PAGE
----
May 7, 1863 - Confederate General Earl Van Dorn was shot dead in his headquarters tent at Spring Hill, Tenn. by a certain Dr. Peters. Van Dorn was allegedly messing with Dr. Peters’ wife.
May 7, 1863 – During the Civil War, skirmishes were fought in the San Andres Mountain, at Cajoude Arivaypo, in the New Mexico Territory; at Raccoon Ford and West Point, Va.; and at Cairo Station and Harrisville, West Virginia.
May 7, 1864 – During the Civil War, a skirmish was fought near Florence and another near Decatur, Ala.
May 7, 1864 - Union General William T. Sherman advanced toward Atlanta, Georgia.
May 7, 1864 – During the Civil War, following two days of intense fighting in Virginia’s Wilderness forest, the Army of the Potomac, under the command of Union General Ulysses S. Grant, moved south. Grant’s forces had clashed with Confederate General Robert E. Lee’s Army of Northern Virginia in a pitched and confused two-day battle in which neither side gained a clear victory. Nonetheless, Lee could claim an advantage, since he inflicted more casualties and held off the Yankees, despite the fact that he was outnumbered.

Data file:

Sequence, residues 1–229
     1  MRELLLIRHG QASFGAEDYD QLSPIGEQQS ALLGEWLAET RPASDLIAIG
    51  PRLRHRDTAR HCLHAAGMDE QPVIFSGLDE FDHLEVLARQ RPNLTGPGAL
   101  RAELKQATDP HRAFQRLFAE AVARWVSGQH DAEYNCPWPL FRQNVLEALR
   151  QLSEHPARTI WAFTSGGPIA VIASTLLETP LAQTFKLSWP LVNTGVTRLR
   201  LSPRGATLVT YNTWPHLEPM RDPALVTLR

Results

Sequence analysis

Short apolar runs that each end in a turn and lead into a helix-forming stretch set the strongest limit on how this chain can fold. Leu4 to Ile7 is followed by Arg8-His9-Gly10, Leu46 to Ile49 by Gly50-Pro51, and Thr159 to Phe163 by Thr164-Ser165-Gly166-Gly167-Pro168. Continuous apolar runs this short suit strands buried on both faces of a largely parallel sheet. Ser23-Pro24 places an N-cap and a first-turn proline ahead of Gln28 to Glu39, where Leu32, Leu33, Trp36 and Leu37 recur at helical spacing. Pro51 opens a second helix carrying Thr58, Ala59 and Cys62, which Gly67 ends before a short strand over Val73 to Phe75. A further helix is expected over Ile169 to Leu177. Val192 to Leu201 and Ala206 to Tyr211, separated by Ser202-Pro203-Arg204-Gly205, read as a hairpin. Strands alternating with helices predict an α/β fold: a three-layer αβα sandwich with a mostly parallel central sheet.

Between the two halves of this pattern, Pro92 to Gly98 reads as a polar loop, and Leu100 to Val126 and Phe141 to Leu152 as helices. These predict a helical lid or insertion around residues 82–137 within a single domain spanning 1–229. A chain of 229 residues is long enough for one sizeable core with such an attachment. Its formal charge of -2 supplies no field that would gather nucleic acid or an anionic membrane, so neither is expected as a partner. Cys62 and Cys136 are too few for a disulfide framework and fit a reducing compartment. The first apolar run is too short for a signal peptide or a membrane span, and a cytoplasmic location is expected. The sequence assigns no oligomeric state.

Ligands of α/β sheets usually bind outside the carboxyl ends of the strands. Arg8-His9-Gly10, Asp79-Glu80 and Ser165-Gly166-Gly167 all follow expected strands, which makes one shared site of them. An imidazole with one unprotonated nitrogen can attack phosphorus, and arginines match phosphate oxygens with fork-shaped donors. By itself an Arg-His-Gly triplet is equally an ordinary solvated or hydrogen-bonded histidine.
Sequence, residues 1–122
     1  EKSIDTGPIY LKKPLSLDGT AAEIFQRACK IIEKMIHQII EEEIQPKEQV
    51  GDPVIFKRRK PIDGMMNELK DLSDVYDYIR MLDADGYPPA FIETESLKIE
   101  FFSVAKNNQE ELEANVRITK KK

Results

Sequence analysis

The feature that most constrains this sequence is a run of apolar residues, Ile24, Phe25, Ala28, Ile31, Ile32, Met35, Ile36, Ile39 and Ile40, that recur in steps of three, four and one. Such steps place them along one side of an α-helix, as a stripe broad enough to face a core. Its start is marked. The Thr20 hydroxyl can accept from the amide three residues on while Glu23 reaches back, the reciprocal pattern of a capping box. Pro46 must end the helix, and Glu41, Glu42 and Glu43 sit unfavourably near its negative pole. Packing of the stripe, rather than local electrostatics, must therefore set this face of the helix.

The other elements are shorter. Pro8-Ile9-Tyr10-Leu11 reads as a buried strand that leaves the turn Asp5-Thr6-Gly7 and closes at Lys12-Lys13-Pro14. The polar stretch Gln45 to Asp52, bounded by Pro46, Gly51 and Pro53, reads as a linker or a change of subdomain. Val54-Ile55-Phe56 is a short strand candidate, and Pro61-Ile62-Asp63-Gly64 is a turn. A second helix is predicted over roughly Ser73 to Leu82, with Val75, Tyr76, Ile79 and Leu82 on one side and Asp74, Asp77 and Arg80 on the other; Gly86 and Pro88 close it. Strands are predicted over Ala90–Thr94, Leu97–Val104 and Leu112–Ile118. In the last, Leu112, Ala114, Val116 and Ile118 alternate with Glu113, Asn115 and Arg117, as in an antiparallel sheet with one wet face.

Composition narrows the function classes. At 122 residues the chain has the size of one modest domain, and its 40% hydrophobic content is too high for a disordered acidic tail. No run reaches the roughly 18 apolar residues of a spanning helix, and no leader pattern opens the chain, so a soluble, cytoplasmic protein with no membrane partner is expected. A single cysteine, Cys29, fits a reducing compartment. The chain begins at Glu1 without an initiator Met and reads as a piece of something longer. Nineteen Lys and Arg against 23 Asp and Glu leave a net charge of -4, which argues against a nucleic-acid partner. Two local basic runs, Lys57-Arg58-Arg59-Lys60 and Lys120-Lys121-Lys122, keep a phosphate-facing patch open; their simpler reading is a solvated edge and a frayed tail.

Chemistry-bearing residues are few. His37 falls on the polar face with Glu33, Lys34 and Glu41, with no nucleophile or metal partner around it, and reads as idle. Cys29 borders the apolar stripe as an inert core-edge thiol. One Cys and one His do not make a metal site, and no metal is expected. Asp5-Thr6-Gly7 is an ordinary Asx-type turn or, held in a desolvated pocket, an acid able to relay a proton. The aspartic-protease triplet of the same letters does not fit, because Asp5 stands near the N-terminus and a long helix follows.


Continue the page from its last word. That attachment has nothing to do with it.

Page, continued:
May 7, 1864 – During the Civil War, skirmishes were fought near Dalton (Battle of Rocky Face Ridge,) Nickajack Gap and Varnell’s Station, Ga.; at Bayou Boeuf, La.; at Benton, Miss.; and at Turkey Island, on the James River in Virginia. The Army of the James briefly seized the Richmond and Petersburg Railroad before retiring.
May 7, 1868 – Samuel S. Cornwell was named postmaster at Burnt Corn, Ala.
May 7, 1885 – Major and Mrs. C.L. Scott of Monroeville, along with Colonel and Mrs. B.L. Hibbard and Master John Hibbard, left for Mobile. A short time before, President Grover Cleveland had appointed Major Scott to be Minister to Venezuela.
May 7, 1898 – The army museum transferred the skull of Randolph County, Ala. native and Lincoln assassination conspirator Lewis Powell to the Smithsonian, where it was stored for nearly 100 years.
May 7, 1905 – On this Sunday afternoon, preaching services were held for the first time in the recently completed new church building at Wesly Chapel, near Perdue Hill. The Rev. C.H. Motley was the preacher.
May 7, 1906 – A municipal election was scheduled to be held in Monroeville, Ala. on this day for the election of mayor and five councilmen for the ensuing year. J.W. Fore was Monroeville’s incumbent mayor.
May 7, 1912 - Columbia University approved final plans for awarding the Pulitzer Prize in several categories.
May 7-9, 1912 - The 22nd Annual Reunion of the United Confederate Veterans was held in Macon, Ga.
May 7, 1920 - Alabama author Robert O. Bowen is born in Bridgeport, Conn.
May 7, 1925 - The Philadelphia Phillies had their eighth game in a row postponed.
May 7, 1928 - Alabama author Hudson Strode's play “The Dance Below” was performed on Broadway as part of the Little Theatre Tournament.
May 7, 1928 - Alabama journalist Grover Cleveland Hall of The Montgomery Advertiser was awarded the Pulitzer Prize for Editorial Writing for his editorials on racial and religious intolerance and violence.